We've lost an honest politician

I was saddened to hear last night of the death on of Michael S. Holewinski on June 19.

When I first met Mike, he was a law student at John Marshall and, like me, an anti-Machine Democratic activist. In those days the Illinois Constitution had a rather clever feature which only those in the know understood or appreciated. Each legislative district had three members. By tradition, neither party would run more than two candidates in any one district, so every citizen of the state always had one member of the Illinois House of his or her own party from his or her own district.

Those third, minority party members were often the most astute, effective, and widely-respected members of the House. But there was another advantage to the system. Every voter was given three votes. In primaries and general elections alike, he or she could cast one vote for each of three candidates, one and a half for two- or all three for a single candidate. This had the effect of making incumbents extremely vulnerable and therefore extraordinarily accountable. All a challenger had to do was to half the number of voters to "bullet-" to cast all three votes for the challenger- as the incumbent shared with the other incumbent of his party for the two to end up tied!

Patrick Quinn, onetime governor of Illinois, began his regrettable career in politics leading a misguided but unfortunately successful drive in 1980 to get rid of multiple member districts. Ironically, Quinn touted this mistake as a money-saving "reform" measure, even though pretty much every "good government" organization in Illinois joined just about every other knowledgeable person in the state in opposing the change. Suffice it to say that it was not an auspicious beginning to Quinn's career, although it was a major victory for the very machine politics Quinn claimed to oppose and for legislative mediocrity to boot.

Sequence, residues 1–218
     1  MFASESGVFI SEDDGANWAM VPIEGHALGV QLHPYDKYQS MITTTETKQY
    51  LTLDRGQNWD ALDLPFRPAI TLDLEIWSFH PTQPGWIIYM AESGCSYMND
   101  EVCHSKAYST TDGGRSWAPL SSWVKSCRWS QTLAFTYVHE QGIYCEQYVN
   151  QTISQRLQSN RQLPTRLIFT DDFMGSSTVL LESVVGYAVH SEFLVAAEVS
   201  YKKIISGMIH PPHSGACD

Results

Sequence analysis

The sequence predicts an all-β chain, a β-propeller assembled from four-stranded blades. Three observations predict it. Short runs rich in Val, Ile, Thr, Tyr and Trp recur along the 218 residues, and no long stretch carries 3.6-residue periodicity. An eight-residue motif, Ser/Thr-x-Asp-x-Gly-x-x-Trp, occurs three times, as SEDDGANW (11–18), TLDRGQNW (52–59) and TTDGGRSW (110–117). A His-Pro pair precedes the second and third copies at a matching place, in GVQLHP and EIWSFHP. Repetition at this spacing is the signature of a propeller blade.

Mike was one of the several anti-Machine insurgents on Chicago's Northwest Side who decided to exploit the vulnerability to which the system exposed entrenched incumbents in 1974. I worked in that campaign, and I gave my precinct captain quite a scare. Doubtless, Mike's Polish name helped more than my efforts, but I only worked one side of one street- and nevertheless came within a vote and a half of carrying the precinct for Mike!

One of the two Machine legislators and the minority Republican member from our District were solid, effective legislators, and they were returned to office. But Mike beat out the second, less accomplished Machine Democrat, and began his career in the Illinois House from a heavily Machine district.

Two years later a change in Machine tactics- they encouraged "bulleting" for the lesser Machine candidate- backfired. That lesser candidate and Mike emerged as the Democratic nominees, and the other, well-regarded regular ended up being re-elected, of all things, as an independent, beating out our very solid Republican.

Eventually, Mike lost his seat in an election in which there were no notable races higher on the ballot and voter turnout was low. He ran for the City Council from my ward and, although he got the second most votes of any aldermanic candidate in the city, lost to the Machine candidate in our ward, who got the most.

I lost touch with Mike when I went to seminary. He ran unsuccessfully in the primary for one of the county offices, a race I find it hard to imagine that he thought he had any chance of winning. He ended his political career as one of the chief aides to Mayor Harold Washington. Afterward, he was active in the corporate world and practiced property law.

Mike was an honest, idealistic guy of the kind that era often produced. He brought ethics, intelligence, and class to politics in my city and state, I often remember him when I'm tempted to become cynical about our system. He was living proof that good and honorable people can be successful in politics

We need more like him, and Chicago, Illinois, and all of us are poorer for his passing.


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